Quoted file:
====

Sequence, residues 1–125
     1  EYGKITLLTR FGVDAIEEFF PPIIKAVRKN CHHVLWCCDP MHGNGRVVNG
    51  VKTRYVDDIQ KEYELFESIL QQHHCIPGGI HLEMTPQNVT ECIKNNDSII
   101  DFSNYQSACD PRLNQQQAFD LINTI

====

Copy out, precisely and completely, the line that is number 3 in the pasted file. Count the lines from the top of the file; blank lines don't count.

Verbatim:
    51  VKTRYVDDIQ KEYELFESIL QQHHCIPGGI HLEMTPQNVT ECIKNNDSII